Yeah, I have anxiety. It’s not that much of a shocker if you live in my head or share a house with me. By the way, have I mentioned lately how patient my husband is?
I try hard to hide it, mainly because I fear that if I let it all out, people will realize that I really really have anxiety. Though my husband knows and he still hasn’t run away. No, he patiently gets up and checks noises for me at night, and understands if I just can’t do something.
Because sometimes, I can’t.
My particular brand of lifestyle doesn’t help my anxiety. Being a special needs mom opens you up to a whole world of stuff you never knew you had to worry about. An added bonus is that people send you links to stories about other children with issues, sometimes life threatening, and then you worry you might come across as unfeeling because you choose not to follow the story of the child fighting brain cancer. Even though the reason why you don’t follow is because you’ll feel too much, and when you feel too much, you end up rocking in a corner or not getting out of bed – which isn’t very good for your lifestyle.
I also believe that anyone living with a person with an illness or disability has a form of PTSD. Except that you’re never post-trauma, not really. Something will come up. Something will always come up. It’s one of the guarantees in this life.
Add to that, things that help anxiety are things like plenty of sleep, taking time for oneself, a hobby you can enjoy – all that self-care stuff that can be very hard to do when you have a child that wakes up at 5 am no matter what, or who needs constant supervision.
Really, my lifestyle is exactly the opposite of what is needed to keep anxiety at bay.
“But Phoebe, you’re so happy all the time! You don’t seem phased by things!”
Yeah, I know. Because I make that effort at times. I choose to put that smile on my face because my options are find the ridiculousness or do the ugly cry. I usually don’t have time for the ugly cry anyway. I choose to not let certain things bother me. Messy house? Well, if you don’t like it, clean it, I’m too busy surviving. Cereal for dinner? Hell, it’s good enough for breakfast, right? You want to wear those clothes again? Well, it’s Saturday, we have no plans, go for it. My laid-backness is a coping strategy as much as it is a personality trait.
Honestly, it’s exhausting at times, being in my head. I have more conversations in my head than I do with other people (and if you’ve ever been around me and know how much I can talk, then you’re now really impressed!) I have that voice in my head that points out all the doom and gloom and wants to fixate on the scary things. I have to talk that voice off the proverbial edge all the time, or at least make it deals.
Like last night. I woke up at two a.m. for no good reason. I thought I heard someone at my bedroom door so got up to see if Maura was wandering the house. She wasn’t. But someone left a light on and as I flipped the switch, there was a tiny crackling noise at the switch. My brain instantly went to “OMG, I’ve just set the house on fire!” and realized I was going to be awake for a while now. I eyed the smoke detector a few feet away from the light switch and prayed the battery was still good. I eyed the sleeping dog, hoping she’d alert us to any blaze that might occur from a faulty light switch. I went back to my bed and watched “Serendipity” – because if one must be up at 2:30 in the morning, it might as well be with something nice, like a John Cusack movie. My brain wandered to things like “Do we even have a carbon monoxide detector near the furnace? I know we have one, but is there one near there?” and made safety checklists for the next day and thought about all the coffee I’d need once I was truly up for the day.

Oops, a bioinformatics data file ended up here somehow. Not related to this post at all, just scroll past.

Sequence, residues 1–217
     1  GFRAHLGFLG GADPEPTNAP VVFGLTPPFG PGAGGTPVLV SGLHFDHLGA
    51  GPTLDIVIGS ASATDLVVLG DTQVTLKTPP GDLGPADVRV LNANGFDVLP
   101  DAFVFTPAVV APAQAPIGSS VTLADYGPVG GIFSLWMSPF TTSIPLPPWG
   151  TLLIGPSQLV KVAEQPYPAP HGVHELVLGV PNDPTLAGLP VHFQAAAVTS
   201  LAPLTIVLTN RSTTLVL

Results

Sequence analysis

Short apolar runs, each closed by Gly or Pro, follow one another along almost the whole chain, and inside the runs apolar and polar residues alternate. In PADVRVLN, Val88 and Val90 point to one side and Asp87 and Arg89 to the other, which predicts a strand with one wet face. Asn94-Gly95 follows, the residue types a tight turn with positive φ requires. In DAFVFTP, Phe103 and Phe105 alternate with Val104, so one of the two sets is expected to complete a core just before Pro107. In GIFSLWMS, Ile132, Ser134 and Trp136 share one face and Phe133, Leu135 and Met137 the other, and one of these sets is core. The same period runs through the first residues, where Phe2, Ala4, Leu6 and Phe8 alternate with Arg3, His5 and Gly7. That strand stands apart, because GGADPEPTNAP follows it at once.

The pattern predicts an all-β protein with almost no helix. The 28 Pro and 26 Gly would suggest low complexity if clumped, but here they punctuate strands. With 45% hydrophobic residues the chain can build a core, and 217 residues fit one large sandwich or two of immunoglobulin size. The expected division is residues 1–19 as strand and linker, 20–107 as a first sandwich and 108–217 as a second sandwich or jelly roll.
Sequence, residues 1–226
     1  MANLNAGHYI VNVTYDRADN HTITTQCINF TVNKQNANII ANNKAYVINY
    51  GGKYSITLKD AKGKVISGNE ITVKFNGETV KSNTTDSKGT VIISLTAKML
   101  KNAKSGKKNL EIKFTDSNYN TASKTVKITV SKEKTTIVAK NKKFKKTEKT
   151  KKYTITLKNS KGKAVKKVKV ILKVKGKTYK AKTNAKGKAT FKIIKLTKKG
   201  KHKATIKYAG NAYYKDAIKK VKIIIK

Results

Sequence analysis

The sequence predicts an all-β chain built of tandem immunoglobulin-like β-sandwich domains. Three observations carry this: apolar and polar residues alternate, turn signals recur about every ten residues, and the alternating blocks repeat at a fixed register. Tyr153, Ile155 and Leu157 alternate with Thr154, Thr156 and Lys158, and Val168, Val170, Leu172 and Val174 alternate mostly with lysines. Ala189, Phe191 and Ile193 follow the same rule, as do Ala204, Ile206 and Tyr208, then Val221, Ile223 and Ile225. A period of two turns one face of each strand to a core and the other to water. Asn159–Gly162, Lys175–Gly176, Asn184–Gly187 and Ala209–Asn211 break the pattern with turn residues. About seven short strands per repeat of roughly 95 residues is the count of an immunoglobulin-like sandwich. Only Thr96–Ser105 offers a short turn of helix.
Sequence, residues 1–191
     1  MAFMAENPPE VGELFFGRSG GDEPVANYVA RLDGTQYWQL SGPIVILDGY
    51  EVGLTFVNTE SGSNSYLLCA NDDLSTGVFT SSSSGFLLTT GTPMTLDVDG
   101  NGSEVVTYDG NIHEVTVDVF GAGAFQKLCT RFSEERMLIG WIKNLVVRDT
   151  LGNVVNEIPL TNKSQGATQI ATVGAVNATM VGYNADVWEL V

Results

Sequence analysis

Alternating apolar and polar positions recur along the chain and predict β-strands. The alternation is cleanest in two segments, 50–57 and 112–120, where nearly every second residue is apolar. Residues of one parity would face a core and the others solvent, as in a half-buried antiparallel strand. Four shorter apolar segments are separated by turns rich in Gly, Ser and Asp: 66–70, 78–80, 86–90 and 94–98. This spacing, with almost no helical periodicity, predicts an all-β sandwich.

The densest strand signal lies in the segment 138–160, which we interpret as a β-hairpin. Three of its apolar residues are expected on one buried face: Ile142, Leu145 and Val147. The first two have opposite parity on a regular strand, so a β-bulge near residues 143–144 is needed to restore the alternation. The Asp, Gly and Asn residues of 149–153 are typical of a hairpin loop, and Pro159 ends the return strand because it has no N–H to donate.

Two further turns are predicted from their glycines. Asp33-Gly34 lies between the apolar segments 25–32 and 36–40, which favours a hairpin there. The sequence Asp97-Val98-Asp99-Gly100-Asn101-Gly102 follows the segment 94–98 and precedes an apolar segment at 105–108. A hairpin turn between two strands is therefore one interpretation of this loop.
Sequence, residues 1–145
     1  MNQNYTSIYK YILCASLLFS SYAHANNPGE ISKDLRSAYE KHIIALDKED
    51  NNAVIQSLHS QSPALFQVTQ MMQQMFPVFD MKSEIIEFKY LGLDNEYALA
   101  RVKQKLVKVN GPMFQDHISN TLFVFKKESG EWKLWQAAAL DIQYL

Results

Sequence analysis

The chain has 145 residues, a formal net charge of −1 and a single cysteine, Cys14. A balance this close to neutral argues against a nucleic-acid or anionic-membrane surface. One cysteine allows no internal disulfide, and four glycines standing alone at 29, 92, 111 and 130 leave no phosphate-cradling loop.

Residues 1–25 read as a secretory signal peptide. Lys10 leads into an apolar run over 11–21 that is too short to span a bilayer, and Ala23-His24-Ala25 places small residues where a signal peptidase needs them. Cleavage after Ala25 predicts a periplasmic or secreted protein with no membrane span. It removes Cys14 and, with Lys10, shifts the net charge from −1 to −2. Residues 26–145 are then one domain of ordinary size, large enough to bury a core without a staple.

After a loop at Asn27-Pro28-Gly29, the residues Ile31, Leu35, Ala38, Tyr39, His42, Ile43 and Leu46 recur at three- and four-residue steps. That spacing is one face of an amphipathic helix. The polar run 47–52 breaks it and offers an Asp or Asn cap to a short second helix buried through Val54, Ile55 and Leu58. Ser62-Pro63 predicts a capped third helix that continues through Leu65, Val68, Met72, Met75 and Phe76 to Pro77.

I’m on my second cup by the way. Which is a bit stupid because caffeine can heighten anxiety. But I like to live dangerously, and also, I hope the prozac works well today.
That’s not a joke – part of my own self-care is taking a happy pill every day.
I’m sure there are other ways to handle it. I do those things to. Well, maybe not the “exercise releases endorphins that make you happier” part. I should probably do that.
I’m not writing all this for pity or compassion or the like. It’s just part of my weird normal that I’m sharing, because if so many of you come to this blog because you can relate to our life with Maura, then you’re probably relating to all this as well. It sort of comes with the glamorous lifestyle that we lead. My smiling face and sense of humor aren’t masks to hide the pain, they’re defenses against the anxiety that tries to overtake me at times. Every time I can find the humor in the situation, even if I’m laughing at myself, means I win another round in this constant battle. Every time I can admit that I can’t do something and ask for help, I like to think that somehow, I’m actually winning. I’m not forcing myself to be something I’m not. I’m embracing all the parts of me, the ones that do silly dances in the car with her teen daughter to Taylor Swift songs and the one who needs to get up to make sure she really locked the front door. The one who can maintain optimism despite all life throws at her.
I have anxiety. I have optimism. I have no shame about either. It’s just all part of my life. And at the end of the day, my life is pretty damn good.